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This article in JEQ

  1. Vol. 40 No. 6, p. 1705-1713
     
    Received: July 29, 2010
    Published: Nov, 2011


    * Corresponding author(s): jcshi@zju.edu.cn
    jmxu@zju.edu.cn
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doi:10.2134/jeq2010.0340

Can Assessing for Potential Contribution of Soil Organic and Inorganic Components for Butachlor Sorption Be Improved?

  1. Yan Hea,
  2. Zhongzhen Liub,
  3. Jian Zhanga,
  4. Haizhen Wanga,
  5. Jiachun Shi *a and
  6. Jianming Xu *a
  1. a Zhejiang Provincial Key Lab. of Subtropical Soil and Plant Nutrition, College of Environmental and Natural Resource Sciences, Zhejiang Univ., Hangzhou 310029, China
    b Soil and Fertilizer Institute, Guangdong Academy of Agricultural Sciences, Guangzhou 510640, China. Assigned to Associate Editor Dongqiang Zhu

Abstract

Sorption of butachlor to various types of common soil components was investigated. Six pure minerals (montmorillonite [Mont], kaolinite [Kaol], Ca homoionic montmorillonite [Ca-Mont] and kaolinite [Ca-Kaol], amorphous hydrated Al and Fe oxides [AHOs-Al, AHOs-Fe]), four soil alkali-extractable pure humic acids (HAs), and the four corresponding HAs originated real unmodified and H2O2–treated soils were selected as the representative sorbents. Results showed that the HAs played a crucial role, and clay minerals (especially Mont) also showed an important effect in butachlor sorption. The AHOs may likely influence only in a mediator way by enhancing the availability of sorption domains of HAs. By removing 78% (on average) of the total organic carbon (TOC) from the soils with H2O2, the content ratio of clay to TOC (RCO) increased by an average of 367% and became >60. This change simultaneously decreased the sorption capacity of soils (40%, on average). Considering that the surface sorption domain on clay minerals may be highly exposed and more competitive after the partial removal of soil organic matter (SOM), this reaffirmed the potential contribution from clay minerals. It can thus be inferred that in the real soil where SOM and clay minerals are associated, the coating of clay minerals may have weakened the partition function of SOM or blocked some sorption domain within SOM, resulting in a decreased sorption of butachlor. Therefore, clay minerals, especially 2:1 type expanding minerals, may play a dual function vs. SOM content for the sorption of butachlor in soil.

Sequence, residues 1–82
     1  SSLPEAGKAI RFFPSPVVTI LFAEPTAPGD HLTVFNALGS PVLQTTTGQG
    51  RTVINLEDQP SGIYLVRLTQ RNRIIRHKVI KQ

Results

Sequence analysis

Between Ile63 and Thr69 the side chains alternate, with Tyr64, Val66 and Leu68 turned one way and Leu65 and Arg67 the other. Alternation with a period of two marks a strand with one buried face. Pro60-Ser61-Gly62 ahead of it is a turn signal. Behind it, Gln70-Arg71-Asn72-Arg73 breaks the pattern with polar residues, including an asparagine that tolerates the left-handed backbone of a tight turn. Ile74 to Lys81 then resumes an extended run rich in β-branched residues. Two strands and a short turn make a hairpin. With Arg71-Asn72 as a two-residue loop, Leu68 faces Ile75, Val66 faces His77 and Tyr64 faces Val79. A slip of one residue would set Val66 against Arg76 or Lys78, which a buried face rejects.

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Copyright © 2011. Copyright © by the American Society of Agronomy, Crop Science Society of America, and Soil Science Society of America, Inc.

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